Internet access is an essential part of running a not-for-profit, but data speed and bandwidth will determine how many users can connect at the same time and how useful your service is.
How to choose an internet provider
Our advice for selecting an internet provider is:
- If you have an IT support partner that you trust, they are best placed to recommend the type of connection you need (and if you don’t trust them, find a new provider)
- If you need a dedicated network to connect to servers, an older telephony system or some other service that can’t be accessed through the internet, see point 1 above.
- Connecting Up works tirelessly to provide good value internet offers to non-profits, such as TPG Fibre1000, a symmetrical 1000mbps fibre-optic connectivity offered at a hard-to-beat discount to qualifying not-for-profit organisations who need the speed and are suitably located
- If none of the above applies, you should:
- pay only for what you need, based on how many users will need it and what they’ll use it for (if you’re not sure about this, speak to your IT provider, IT consultant or tech foundations expert for advice)
- include an option for future upgrades if your needs grow
- don’t commit to a longer contract than you need – prices tend to come down over time
- review internet comparison sites such as canstarblue or WhistleOut (among others), keeping in mind that these sites are often more focused on residential than business connections, and the fact that they don’t generally include every available option because in some situations they may require a commission to be included in the list.
So you are informed about your options, we’ve provided more detail about the types of internet connections, and benefits of high speed broadband below.
Types of connection
The main types of internet connections you might already have heard of are:
- Fixed line connection: A physical connection to the internet. This could be any number of different technologies, the majority of which are hosted by the National Broadband Network (NBN). Where available, a fixed connection generally offers better connections at the same price point as other options.
- Fixed wireless or satellite: Where a physical connection isn’t suitable, a fixed wireless service may be another option. In this situation, an antenna or dish is installed on the outside of your building and connects to a high-speed signal from your internet service provider.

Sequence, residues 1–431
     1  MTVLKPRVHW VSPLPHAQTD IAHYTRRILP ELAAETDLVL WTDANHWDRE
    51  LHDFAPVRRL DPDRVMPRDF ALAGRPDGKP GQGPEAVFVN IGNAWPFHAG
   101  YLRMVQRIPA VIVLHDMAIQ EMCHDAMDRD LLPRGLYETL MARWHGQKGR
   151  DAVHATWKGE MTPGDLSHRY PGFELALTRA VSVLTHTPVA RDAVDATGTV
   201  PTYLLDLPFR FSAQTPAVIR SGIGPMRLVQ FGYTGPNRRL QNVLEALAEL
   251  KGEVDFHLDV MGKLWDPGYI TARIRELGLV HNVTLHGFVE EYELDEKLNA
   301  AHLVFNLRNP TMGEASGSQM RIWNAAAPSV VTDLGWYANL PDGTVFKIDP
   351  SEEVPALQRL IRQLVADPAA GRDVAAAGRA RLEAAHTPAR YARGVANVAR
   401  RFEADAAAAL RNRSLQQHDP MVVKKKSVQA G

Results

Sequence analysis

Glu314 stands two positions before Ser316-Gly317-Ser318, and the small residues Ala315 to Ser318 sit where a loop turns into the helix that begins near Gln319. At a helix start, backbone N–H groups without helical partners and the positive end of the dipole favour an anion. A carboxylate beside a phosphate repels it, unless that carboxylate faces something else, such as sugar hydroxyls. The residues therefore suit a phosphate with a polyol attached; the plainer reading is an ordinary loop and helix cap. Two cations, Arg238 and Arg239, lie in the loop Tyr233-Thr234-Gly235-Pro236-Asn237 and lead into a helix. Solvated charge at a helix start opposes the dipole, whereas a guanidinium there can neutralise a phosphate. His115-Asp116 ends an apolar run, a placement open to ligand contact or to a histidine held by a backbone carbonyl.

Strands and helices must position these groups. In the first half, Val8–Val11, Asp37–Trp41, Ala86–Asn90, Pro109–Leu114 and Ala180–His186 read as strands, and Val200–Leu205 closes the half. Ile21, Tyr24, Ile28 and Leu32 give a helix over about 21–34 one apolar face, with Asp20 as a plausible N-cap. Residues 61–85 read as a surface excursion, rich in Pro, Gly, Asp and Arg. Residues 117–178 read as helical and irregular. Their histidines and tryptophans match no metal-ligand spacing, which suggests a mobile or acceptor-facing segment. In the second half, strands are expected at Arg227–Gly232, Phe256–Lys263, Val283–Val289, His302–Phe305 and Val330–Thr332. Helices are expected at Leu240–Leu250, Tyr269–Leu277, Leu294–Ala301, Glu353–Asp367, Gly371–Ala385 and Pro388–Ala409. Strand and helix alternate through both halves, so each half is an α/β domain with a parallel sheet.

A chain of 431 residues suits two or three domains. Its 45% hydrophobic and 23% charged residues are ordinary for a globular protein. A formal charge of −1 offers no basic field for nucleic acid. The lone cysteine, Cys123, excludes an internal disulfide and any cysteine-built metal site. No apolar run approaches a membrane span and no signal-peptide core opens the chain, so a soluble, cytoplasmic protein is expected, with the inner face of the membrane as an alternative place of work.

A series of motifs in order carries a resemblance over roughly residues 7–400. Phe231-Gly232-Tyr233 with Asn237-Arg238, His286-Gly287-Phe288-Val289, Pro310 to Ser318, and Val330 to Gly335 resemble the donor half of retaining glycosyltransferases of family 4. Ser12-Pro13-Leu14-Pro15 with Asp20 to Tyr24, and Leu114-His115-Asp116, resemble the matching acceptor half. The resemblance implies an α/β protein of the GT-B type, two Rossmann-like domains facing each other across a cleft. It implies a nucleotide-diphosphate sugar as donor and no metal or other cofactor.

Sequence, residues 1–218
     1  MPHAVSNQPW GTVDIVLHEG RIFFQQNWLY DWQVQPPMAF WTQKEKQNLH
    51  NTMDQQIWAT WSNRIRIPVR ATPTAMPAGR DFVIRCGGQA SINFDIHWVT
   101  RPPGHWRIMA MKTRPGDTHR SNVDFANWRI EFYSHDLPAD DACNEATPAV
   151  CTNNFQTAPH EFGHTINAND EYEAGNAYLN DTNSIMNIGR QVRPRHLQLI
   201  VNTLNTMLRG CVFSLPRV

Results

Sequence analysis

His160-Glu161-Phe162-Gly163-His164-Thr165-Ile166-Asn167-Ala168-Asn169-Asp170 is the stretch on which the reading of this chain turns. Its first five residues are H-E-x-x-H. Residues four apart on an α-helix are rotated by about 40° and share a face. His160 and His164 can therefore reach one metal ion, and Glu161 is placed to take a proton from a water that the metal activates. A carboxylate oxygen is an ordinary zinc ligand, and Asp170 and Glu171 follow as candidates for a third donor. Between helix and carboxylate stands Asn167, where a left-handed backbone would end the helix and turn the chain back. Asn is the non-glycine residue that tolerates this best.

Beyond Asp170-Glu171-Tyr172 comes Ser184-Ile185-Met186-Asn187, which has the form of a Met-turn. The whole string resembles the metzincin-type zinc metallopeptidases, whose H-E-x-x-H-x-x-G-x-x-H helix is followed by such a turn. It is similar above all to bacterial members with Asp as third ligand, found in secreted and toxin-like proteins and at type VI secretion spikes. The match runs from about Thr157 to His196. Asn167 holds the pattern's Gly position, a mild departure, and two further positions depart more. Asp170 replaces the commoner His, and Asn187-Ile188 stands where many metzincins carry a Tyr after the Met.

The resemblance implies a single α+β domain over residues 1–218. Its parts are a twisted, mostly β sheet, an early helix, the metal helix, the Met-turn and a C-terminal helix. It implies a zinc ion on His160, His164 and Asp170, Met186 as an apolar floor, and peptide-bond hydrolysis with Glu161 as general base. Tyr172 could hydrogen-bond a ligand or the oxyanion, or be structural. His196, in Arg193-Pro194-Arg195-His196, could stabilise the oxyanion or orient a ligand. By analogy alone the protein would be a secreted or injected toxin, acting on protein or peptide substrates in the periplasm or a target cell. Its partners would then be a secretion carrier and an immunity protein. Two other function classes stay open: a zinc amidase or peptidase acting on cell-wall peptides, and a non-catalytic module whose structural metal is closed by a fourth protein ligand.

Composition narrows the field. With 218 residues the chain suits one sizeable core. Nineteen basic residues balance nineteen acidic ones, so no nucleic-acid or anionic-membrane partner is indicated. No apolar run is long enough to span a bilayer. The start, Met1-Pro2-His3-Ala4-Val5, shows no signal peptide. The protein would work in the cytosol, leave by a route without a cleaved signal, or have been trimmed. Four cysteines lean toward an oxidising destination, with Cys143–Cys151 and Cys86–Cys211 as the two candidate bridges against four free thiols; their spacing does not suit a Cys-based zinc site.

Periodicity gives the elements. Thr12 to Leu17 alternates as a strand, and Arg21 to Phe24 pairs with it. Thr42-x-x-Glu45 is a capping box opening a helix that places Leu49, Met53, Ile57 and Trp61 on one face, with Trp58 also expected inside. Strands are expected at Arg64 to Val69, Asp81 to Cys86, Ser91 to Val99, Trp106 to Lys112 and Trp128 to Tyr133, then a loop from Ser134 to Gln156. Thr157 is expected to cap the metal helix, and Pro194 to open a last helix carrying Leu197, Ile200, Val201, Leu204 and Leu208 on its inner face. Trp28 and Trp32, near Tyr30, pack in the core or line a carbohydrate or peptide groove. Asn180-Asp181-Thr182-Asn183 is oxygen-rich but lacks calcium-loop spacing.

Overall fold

- Mobile broadband: Mobile broadband uses the same connection as your mobile phone. While it is fast, it can be quite expensive when used regularly. It’s recommended that mobile broadband only be used for light external work.
Benefits of high-speed broadband
- A fast internet connection creates new ways of working with and supporting clients, staff and other organisations
- File transfers and data sharing allows more seamless online communications between organisations and clients. Faster internet speeds allow organisations to make more use of audio and video
- Video conferencing and remote working facilitates working from home
- Real-time and interactive video calls, video conferencing, webinars and online meetings can be more effective communications tools than email or onsite meetings
- Faster networked connections across multiple sites improve remote access
- Internet telephony can lead to savings on communications costs
- Improved staff training through better access to online training and education resources such as webinars, training videos and training programs (for example, Microsoft’s Digital Literacy program).
Things to consider when assessing your needs
- How many users will be using the internet at once?
The more users there are simultaneously online, the more bandwidth (data capacity) is required.
- How much data will my organisation be using?
Unlimited data plans are becoming industry standard. They mean you don’t have to worry about surprise bills or bandwidth reductions after a certain quota of data has been reached.
- How long can I commit to a plan?
Some plans are month-to-month, others have a fixed term. As a rule of thumb, month-to-month plans have tended to be more expensive, but this is no longer always the case.
- Does the network connection meet my needs?
Will your organisation require rural or remote-area connections?